When studying word pairs (i.e., paired-associates) both children and adults were found to be able to judge their memory accurately when there was a delay between studying the word pair and the monitoring judgment (for a review of the delayed-JOL effect, see Rhodes & Tauber, 2011). That is, a simple strategy to improve monitoring accuracy when studying word pairs would be to ask learners to make a monitoring judgment after a list of words instead of after each word directly. Yet, this delayed-JOL effect was not found for learning from texts (Maki, 1998) or problem-solving tasks (Baars, Van Gog, De Bruin, & Paas, 2018). Moreover, reviews of research on monitoring judgments when learning from texts (i.e., meta-comprehension) have shown that the accuracy of a single monitoring judgment after reading a text (200-1000 words) is generally very low (average gamma correlation of .27). This indicates that learners cannot accurately monitor their own learning processes when learning from text without any additional instructional support (e.g., Dunlosky & Lipko, 2007; Thiede, Griffin, Wiley, & Redford, 2009).
Similarly, studies on monitoring learning from problem-solving tasks (i.e., metareasoning) also found that learners experience difficulties in making accurate monitoring judgments (Ackerman & Thompson, 2017). In educational settings like schools and universities, usually well-structured problems are used in domains such as science, technology, engineering, and mathematics (STEM). In contrast to ill-structured problems that do not have a well-defined goal or solution procedure, well-structured problems are typically solved by applying a limited and known set of concepts and rules (Jonassen, 2011). Research has shown that without additional instructional support, students were found to overestimate themselves when making monitoring judgments about solving well-structured biology problems (Baars, Leopold, & Paas, 2018; Baars, Van Gog, De Bruin, & Paas, 2017; Baars et al., 2014; Baars et al., 2013).
Interestingly, generative strategies were found to improve self-monitoring accuracy when learning from expository text and problem-solving tasks. Generative strategies are learning activities that learners can use to generate (new) information about the learning materials by elaborating on those materials (Fiorella & Mayer, 2016; Wittrock, 1992). Examples of generative strategies that were found to improve monitoring accuracy are generating keywords (e.g., Thiede et al., 2003), making summaries (Thiede & Anderson, 2003), making concept maps (e.g., Redford, Thiede, Wiley, & Griffin, 2012), giving self-explanations (e.g., Griffin, Wiley, & Thiede, 2008), making diagrams (e.g., Van Loon, De Bruin, Van Gog, Van Merrienboer, & Dunlosky, 2014), practicing problems (e.g., Baars, Van Gog, De Bruin, & Paas, 2014), or completing partially worked-out examples (Baars et al., 2013). These generative strategies can provide students with predictive cues on their comprehension of learning materials (i.e., their mental representation), which can help to make more accurate self-monitoring judgments (e.g., Baars et al., 2014; Thiede et al., 2009).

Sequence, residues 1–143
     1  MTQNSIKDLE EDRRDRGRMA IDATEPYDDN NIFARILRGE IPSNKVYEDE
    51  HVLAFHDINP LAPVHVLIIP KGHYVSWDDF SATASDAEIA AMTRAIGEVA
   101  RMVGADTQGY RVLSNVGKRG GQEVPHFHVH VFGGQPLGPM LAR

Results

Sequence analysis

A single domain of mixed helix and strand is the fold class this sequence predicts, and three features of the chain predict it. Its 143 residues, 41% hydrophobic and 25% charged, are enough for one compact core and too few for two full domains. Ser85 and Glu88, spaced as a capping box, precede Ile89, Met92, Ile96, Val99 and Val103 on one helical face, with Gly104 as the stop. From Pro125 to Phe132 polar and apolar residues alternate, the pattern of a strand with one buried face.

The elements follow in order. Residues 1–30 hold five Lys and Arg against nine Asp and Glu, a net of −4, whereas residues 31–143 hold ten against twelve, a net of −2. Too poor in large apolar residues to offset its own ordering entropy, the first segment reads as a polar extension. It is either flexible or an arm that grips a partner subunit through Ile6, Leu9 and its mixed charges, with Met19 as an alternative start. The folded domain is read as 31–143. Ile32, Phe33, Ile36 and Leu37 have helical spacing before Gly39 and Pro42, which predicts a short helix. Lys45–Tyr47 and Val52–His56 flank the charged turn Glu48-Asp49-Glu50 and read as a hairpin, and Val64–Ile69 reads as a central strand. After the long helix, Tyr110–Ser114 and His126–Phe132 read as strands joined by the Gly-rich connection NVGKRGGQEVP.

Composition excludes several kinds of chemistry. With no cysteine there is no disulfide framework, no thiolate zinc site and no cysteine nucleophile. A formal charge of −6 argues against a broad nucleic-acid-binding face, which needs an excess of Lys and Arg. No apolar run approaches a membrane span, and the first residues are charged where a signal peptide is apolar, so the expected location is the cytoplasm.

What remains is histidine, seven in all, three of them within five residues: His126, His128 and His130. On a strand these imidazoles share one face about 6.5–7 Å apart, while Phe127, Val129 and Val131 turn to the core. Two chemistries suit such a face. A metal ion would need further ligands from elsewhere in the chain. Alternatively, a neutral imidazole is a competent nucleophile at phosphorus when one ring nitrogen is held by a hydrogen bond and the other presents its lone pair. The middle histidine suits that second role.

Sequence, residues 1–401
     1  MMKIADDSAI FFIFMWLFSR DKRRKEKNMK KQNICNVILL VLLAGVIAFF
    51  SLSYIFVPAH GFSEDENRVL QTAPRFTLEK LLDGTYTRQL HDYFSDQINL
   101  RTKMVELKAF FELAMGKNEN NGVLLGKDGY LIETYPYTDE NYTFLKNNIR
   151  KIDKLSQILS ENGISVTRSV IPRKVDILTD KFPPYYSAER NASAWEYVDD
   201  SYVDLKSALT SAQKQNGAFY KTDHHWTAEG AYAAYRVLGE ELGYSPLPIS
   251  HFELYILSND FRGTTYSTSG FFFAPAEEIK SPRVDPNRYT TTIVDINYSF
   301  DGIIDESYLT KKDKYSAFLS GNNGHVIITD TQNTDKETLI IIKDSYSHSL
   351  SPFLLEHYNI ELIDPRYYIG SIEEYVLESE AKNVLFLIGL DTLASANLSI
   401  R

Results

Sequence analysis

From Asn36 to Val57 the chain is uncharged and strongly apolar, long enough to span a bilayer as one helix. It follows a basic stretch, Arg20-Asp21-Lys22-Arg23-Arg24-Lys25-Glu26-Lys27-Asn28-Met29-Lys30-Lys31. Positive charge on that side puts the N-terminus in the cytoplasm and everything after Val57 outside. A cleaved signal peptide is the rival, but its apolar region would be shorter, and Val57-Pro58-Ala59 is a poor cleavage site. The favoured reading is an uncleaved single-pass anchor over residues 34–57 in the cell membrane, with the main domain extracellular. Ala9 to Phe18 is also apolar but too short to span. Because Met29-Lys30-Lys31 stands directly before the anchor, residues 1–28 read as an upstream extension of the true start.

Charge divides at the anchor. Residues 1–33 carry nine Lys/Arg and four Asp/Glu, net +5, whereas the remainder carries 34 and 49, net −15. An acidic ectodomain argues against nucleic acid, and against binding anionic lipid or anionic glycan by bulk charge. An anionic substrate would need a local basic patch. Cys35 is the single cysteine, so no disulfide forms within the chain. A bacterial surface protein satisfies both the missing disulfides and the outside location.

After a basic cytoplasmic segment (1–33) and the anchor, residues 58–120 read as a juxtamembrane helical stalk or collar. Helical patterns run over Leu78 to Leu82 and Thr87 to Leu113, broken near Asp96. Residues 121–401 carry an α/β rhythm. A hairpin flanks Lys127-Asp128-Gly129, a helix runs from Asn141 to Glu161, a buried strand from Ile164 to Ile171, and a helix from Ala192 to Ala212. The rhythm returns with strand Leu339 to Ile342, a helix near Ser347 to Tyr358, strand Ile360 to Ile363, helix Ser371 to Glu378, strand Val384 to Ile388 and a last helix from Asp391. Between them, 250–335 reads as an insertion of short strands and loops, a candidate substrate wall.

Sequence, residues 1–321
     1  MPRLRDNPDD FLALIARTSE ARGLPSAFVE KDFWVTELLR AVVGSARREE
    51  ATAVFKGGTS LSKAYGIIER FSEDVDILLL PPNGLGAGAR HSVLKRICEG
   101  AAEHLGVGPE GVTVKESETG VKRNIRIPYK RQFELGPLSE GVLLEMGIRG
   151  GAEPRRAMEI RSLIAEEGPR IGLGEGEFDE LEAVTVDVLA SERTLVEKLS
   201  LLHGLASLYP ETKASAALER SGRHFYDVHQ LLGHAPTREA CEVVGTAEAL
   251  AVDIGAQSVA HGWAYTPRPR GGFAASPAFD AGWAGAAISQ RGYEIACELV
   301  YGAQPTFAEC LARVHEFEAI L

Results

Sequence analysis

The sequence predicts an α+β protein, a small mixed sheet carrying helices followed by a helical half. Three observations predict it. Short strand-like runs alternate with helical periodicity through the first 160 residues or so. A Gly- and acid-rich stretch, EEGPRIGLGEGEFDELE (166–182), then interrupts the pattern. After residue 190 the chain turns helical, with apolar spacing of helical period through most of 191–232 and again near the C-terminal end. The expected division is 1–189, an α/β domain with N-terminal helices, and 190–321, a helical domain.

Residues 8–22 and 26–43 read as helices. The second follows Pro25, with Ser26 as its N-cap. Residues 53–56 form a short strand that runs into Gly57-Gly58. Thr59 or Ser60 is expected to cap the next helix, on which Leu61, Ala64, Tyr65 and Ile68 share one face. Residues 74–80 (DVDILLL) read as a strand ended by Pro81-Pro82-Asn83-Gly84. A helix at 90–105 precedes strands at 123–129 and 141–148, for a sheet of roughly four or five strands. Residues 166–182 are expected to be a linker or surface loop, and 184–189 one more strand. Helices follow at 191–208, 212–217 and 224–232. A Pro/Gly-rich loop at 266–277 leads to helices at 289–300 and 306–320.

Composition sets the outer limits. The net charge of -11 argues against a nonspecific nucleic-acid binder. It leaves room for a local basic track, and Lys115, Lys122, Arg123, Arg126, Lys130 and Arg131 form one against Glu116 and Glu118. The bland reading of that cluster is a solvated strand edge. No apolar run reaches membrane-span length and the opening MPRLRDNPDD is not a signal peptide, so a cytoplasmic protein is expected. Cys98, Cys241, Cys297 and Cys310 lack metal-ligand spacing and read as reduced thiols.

However, in a study by Baars et al. (2018) it was shown that self-explaining during the learning phase or at the posttest did not improve monitoring accuracy or performance when learning to solve problems in secondary education. Furthermore, monitoring accuracy was lower for more complex problem-solving tasks than for less complex problem-solving tasks. These results seem to imply that the complexity of the learning materials plays an important role in monitoring and influences the effectiveness of strategies to improve monitoring.
Looking at SRL models (e.g., Winne & Hadwin, 1998; Zimmerman, 2008), inaccurate monitoring is problematic for the learning process. When monitoring is inaccurate, regulation choices on how to proceed with the learning process will most likely be useless or even harmful for learning. In line with these predictions, Dunlosky and Rawson (2012) found that without additional support, students tend to overestimate their learning, which led to premature termination of study efforts and lower retention. As the consequences of inaccurate monitoring are quite severe and generative strategies do not always suffice in supporting students to make more accurate monitoring judgments, it is important to know why making accurate monitoring judgments is so difficult.